POSTCARD BIOGRAPHIES FROM THE NATIONAL PORTRAIT GALLERY: 5. T S Eliot (1888-1965) on Samuel Taylor Coleridge (1772-1834)
Click to follow
The Independent Culture
From the late 1920s, the National Portrait Gallery invited leading writers to create 70-word biographies, of subjects whose portraits hang in the Gallery, for the backs of postcards. In this 12-week series, we present some of the most exceptional and unexpected of these unknown literary gems

When five years old had read the Arabian Nights. Christ's Hospital and Cambridge. Metaphysician and poet. His life was ill-regulated: weak, slothful, a voracious reader, he contracted an unhappy marriage and much later the habit of taking laudanum. Described his own character in his great "Ode to Dejection" (1802). The greatest English literary critic, he was also the greatest intellectual force of his time. Probably influenced Newman, Maurice and the Young Tories; and died the guest of Mr Gillman of Highgate. T S Eliot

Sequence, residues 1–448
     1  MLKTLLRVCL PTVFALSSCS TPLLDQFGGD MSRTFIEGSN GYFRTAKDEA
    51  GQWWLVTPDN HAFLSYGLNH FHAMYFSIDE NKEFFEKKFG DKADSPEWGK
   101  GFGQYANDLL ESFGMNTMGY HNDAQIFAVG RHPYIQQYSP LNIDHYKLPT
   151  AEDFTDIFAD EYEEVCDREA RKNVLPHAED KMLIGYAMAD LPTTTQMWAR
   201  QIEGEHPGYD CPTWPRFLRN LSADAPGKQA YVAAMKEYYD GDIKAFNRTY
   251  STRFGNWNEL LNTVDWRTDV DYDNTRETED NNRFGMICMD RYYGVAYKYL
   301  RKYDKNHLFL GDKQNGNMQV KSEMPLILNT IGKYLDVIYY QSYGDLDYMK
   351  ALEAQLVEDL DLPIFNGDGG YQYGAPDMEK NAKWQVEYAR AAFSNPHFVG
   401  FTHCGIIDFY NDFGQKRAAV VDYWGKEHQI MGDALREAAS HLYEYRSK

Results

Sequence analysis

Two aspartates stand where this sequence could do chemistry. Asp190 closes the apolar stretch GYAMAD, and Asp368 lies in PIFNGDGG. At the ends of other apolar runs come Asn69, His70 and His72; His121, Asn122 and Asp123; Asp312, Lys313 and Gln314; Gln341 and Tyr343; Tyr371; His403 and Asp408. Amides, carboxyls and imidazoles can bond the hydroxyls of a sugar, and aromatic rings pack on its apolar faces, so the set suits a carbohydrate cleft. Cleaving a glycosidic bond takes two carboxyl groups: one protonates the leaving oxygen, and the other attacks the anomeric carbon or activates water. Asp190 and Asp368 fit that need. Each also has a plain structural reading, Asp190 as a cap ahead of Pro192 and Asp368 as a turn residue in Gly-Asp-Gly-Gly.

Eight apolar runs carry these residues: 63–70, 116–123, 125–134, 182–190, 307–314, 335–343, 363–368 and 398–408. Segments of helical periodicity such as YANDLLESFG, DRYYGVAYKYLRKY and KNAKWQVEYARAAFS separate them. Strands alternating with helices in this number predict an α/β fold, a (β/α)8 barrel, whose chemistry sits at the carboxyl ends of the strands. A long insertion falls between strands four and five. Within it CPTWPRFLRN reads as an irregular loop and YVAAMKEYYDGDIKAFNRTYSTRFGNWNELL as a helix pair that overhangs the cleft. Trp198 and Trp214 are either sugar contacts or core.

T S Eliot's brief sketch of Coleridge appraised his genius warmly while casting a cold eye over his personal faults. The enigmatic last comment may need an explanation. James Gillman, an apothecary of Highgate, was approached by the poet in 1816 for help with his opium addiction. STC proposed to stay in the household for one month, going cold turkey under Gillman's supervision. But even before the month was up, Coleridge was giving him the slip and procuring the drug elsewhere. This eccentric, demanding yet charming houseguest stayed on for the next 18 years, until his death; Gillman, physician, philanthropist and fan, must rank as of one of literature's most devoted patrons.

Portraits, drawings and letters from the "postcard biography" archives are on display at the National Portrait Gallery, St Martin's Place, London WC2. Free.